The WHCA dinner, which is also attended by a mix of politicians, celebrities, lobbyists, advertisers and others in the news, has long been viewed as a lighthearted night where the president can roast reporters and vice versa. But for the thin-skinned Trump, it was also the scene of a eviscerating takedown in 2011, when then-President Barack Obama openly mocked the New York billionaire’s political ambitions.
Trump, who at the time was the leading voice on conspiracy theories that Obama was not born in the U.S., was visibly furious. And though Trump has repeatedly denied that he was embarrassed or angry, the episode is said to have cemented the businessman’s determination to seek the presidency and avenge his critics, including Obama.
That desire to prove those who underestimate him wrong has been a driving force for Trump for his entire adult life — from his entry into the gilded world of Manhattan real estate to his unlikely path to the presidency. And perhaps it’s why Trump continues to live in the past — spending at least part of his remarks Saturday night, as he often does in public speeches, relitigating the 2016 election in what seems to be an infinite desire for credit for stunning the world with his surprise victory last year. “Their predictions were so bad,” Trump said of the media, accusing them of pulling for Clinton last year.
While the president delivered a full-throated defense of his early months in office, insisting again and again he is making progress, Trump’s rally in Harrisburg also called attention to what has been a surprising element of his early days in office. For a candidate who rose to power on what he has described as his “movement” and who thrived from the adulation he felt from the massive rallies he held all over the country, Trump has spent little time on the road trying to activate those supporters to advance his political agenda in Washington.
Unlike other presidents who have spent a large part of their early days in office on the road giving speeches and making the case for their political priorities, Trump has spent much of his first months in office at the White House or at Mar-a-Lago, his lavish Florida retreat.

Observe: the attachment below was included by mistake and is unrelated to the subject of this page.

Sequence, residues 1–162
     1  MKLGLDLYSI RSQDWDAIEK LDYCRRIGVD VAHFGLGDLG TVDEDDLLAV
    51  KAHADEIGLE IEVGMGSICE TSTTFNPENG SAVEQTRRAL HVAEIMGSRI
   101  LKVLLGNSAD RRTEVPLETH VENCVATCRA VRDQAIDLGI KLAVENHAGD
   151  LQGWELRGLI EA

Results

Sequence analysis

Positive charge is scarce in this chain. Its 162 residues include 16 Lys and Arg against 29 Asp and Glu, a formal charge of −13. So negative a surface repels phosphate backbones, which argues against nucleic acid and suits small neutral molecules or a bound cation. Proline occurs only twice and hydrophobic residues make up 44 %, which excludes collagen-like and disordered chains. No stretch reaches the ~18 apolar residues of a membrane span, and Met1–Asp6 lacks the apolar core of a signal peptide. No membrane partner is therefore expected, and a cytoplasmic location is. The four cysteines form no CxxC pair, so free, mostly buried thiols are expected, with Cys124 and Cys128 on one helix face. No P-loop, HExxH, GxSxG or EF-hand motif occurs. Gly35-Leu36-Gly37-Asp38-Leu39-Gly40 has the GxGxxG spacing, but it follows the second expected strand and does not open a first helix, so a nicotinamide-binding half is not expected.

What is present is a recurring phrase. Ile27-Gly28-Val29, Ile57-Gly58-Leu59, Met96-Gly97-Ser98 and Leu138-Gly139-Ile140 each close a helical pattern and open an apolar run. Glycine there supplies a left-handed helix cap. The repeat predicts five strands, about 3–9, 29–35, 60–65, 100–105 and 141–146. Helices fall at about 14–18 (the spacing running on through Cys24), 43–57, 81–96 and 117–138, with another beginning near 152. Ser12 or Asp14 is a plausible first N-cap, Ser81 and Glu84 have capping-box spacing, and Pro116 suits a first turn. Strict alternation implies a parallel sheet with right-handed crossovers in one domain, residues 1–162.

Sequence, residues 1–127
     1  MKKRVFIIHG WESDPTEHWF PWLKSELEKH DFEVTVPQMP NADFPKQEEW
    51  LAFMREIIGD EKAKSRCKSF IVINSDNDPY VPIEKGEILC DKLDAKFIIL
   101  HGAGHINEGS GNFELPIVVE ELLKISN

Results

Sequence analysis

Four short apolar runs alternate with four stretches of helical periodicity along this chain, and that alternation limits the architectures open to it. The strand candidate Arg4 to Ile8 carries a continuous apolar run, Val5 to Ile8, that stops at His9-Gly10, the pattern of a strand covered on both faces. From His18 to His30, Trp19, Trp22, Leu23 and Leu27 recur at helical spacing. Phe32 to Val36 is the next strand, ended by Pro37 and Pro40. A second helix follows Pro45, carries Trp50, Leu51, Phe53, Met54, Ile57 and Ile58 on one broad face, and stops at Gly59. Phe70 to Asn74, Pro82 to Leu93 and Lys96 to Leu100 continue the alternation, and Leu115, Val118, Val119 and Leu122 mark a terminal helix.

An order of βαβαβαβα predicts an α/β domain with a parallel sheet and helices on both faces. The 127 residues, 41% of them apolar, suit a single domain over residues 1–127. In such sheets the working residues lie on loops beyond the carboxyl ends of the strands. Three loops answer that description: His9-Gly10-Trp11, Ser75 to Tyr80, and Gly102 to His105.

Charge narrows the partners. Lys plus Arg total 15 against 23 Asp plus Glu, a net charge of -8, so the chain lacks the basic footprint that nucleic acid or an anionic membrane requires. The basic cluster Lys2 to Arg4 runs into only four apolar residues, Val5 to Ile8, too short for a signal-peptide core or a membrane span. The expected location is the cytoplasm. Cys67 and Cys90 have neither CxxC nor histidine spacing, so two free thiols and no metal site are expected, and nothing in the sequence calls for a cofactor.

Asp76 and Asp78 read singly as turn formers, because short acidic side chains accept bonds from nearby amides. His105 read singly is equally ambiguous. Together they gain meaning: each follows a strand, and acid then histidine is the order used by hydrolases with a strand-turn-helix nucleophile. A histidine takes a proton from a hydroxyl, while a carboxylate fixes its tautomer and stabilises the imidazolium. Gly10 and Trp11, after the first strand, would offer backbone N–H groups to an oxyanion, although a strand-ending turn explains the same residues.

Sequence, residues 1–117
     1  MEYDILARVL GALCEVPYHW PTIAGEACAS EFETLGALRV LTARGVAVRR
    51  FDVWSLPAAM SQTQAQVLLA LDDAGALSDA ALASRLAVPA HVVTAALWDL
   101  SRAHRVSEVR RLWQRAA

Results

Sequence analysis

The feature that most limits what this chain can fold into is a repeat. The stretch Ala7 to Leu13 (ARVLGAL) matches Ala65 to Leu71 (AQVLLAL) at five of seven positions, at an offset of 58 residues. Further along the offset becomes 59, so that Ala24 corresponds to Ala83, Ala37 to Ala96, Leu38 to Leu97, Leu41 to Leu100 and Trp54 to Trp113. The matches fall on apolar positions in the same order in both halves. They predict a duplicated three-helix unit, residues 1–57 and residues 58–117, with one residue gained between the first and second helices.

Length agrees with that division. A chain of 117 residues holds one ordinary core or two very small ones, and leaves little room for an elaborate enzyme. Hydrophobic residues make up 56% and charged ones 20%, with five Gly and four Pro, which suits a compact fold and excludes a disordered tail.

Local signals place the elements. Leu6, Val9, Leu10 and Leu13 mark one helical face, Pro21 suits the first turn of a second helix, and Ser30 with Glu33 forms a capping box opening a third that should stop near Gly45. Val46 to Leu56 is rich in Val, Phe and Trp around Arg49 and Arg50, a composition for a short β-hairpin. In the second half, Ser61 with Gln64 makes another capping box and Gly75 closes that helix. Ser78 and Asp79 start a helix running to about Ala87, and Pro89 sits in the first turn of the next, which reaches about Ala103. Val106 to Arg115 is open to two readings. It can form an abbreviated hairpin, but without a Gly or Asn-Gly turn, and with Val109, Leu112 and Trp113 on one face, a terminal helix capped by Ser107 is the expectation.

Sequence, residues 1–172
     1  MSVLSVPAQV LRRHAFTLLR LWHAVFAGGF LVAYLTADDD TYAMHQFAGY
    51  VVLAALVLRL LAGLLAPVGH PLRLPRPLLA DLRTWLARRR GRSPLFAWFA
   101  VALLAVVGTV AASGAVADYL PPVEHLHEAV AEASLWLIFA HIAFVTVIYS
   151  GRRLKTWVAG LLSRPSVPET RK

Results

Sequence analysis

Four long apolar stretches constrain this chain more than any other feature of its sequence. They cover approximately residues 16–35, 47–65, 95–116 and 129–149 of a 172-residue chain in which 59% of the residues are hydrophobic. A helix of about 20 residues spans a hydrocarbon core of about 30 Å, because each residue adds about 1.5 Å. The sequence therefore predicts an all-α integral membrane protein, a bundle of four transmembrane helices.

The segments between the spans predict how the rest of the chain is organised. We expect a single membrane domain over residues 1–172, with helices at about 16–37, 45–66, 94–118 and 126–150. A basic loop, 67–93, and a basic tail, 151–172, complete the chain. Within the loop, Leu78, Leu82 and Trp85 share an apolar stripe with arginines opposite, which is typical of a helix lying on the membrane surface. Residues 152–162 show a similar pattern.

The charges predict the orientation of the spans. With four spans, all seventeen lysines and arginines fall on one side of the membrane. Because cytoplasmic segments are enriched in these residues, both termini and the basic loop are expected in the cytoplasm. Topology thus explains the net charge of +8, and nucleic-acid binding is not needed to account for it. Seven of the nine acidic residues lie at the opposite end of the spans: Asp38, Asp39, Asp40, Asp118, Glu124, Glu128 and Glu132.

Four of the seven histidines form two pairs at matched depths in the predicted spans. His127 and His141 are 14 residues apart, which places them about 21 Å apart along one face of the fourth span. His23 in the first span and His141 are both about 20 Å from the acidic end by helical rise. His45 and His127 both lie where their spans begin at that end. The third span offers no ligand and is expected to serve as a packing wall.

Trump has made just a handful of public appearances outside Washington — including visits to Michigan, South Carolina, Virginia and Wisconsin, where he held small policy events largely to tout job creation. On Friday, he addressed the National Rifle Association convention in Georgia, where he mostly relived his campaign glories. Though aides said he would hit the road to sell his agenda after a speech to Congress in late February, that swing never materialized.
By comparison, Obama had visited roughly 10 states, largely to sell policy initiatives like his economic stimulus package, and traveled overseas three times by this point his presidency. In his first 100 days, George W. Bush was on the road even more, hitting roughly 25 states to sell his push for tax cuts and education reforms like “No Child Left Behind.” He had also traveled to Mexico on his first overseas trip.
For Bush and Obama, their domestic trips weren’t just to friendly territory. Both presidents traveled to states during their first 100 days to target members of the opposing party in hopes of winning bipartisan support for their policy agendas. For Bush, that included trips to Michigan and Montana. Obama traveled to Arizona, home to his political rival, John McCain.